Jesse Ensling presents his portfolio of stone sculpture, and invites you to visit his website to see more of his work.
My work in stone carving started in college. I had to take a sculpting class as part of my course work and feared the class immensely because the professor had a strict, hard reputation. So, I finally took the class only to find out he was a wonderful man and my first mentor. He encouraged me to go to Italy to study marble carving with Milo Lazaravic in Pietrasanta, Italy. My love of stone and Italy was sealed. An experience I hope to have again. It was awesome!!
When I returned from Italy, I worked in stone at the New School and School of Visual Arts. I have learned from some great sculptors that have given me all their knowledge and the encouragement to grow in this medium. My current mentor, Barbara Segal, has introduced me to digital carving. The newest technologies help make this process the fastest way to finish a piece of work, but the learning curve needs to be as fast. Easy for you to say!
I have enjoyed working with a hand chisel and hammer, but it is very slow. You get an appreciation of the stone and its texture, strength and density. With pneumatic tools you have power and speed but, it requires you to stay focused as it can cut too much too fast and a redesign may be needed. Again, digital is amazing but, it removes you from the different stages of carving that bond you to the piece.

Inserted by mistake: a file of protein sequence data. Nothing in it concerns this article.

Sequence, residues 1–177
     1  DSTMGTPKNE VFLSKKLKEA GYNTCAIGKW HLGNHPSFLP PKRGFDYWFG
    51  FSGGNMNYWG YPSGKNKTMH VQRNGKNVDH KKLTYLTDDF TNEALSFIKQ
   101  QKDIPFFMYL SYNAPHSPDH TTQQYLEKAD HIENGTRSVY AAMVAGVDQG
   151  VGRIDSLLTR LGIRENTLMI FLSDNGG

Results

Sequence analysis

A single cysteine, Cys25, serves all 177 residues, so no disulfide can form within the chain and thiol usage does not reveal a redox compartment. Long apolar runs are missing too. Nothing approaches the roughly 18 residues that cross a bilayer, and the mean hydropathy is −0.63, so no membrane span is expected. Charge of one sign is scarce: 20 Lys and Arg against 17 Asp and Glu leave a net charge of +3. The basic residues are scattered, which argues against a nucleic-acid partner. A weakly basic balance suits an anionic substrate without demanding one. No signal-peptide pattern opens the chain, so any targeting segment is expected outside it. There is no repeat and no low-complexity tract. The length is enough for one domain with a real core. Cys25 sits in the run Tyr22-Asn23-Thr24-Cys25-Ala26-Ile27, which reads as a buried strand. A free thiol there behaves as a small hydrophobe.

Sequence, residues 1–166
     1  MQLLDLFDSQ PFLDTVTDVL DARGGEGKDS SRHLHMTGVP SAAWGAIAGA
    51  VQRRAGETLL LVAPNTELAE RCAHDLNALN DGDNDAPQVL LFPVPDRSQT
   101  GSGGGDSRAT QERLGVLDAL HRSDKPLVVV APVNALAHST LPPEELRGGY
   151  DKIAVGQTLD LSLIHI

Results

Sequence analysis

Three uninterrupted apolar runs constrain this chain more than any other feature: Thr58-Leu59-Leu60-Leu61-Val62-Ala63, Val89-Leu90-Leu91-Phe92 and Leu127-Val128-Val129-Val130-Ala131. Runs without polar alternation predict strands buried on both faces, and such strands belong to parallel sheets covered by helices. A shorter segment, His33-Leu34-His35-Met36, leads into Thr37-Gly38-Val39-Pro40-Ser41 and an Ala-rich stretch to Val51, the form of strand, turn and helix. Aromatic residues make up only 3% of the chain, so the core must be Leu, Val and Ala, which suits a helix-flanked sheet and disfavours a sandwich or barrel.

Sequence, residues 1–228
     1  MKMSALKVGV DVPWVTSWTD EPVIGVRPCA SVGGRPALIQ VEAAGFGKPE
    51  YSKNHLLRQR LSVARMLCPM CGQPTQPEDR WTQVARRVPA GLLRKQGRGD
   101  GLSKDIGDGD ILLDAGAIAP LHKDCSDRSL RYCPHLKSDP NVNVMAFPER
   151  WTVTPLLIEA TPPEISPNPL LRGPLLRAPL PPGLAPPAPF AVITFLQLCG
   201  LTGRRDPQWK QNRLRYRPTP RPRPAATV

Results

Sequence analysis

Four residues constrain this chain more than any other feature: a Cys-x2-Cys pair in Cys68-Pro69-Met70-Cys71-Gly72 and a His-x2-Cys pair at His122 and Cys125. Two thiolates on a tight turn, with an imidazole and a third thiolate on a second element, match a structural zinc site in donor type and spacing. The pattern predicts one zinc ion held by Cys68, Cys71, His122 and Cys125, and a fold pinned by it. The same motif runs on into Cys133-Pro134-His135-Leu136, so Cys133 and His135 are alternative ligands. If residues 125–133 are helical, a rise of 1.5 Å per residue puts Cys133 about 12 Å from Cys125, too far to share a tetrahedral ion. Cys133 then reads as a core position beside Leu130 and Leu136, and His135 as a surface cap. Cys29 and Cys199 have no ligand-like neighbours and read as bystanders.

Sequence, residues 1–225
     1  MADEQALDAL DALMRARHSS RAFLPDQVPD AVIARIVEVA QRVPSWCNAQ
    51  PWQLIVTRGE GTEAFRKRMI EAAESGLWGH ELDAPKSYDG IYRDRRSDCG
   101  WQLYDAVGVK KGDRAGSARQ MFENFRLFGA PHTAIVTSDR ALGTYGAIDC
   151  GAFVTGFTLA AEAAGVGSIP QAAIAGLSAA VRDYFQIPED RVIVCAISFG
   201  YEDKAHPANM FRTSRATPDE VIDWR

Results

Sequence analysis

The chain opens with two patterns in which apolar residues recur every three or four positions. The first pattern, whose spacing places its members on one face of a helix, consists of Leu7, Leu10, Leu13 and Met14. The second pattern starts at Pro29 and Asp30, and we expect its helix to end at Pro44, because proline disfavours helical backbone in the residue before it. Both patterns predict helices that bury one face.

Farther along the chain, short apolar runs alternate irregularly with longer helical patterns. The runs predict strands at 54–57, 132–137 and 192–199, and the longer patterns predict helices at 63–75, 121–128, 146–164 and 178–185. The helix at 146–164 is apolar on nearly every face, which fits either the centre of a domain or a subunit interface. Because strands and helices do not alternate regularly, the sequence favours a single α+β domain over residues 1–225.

Carving each piece from picking out the stone to mounting it for showing is a time consuming process that is not for the artist that needs immediate gratification. My gratification comes from the discovery of what is within the stone as I carve. Seeing it come out of the stone and emerge as the finished piece is amazing. The slowness of carving stone is so amazing as you begin to see what emerges from the stone and layer by layer you almost peel away the stone to reveal what you see.
Stone Carving is not a popular medium in this fast paced world but, I find it connects me to this ancient form of expression and it’s past. It gives me my voice to express my love of nature and especially the ocean so it seems natural to me that I have found a medium from nature to express myself. My style is impressionistic, abstract and bimorphic. I am currently working a series of shells that are jumbo sized and heading for a gallery soon.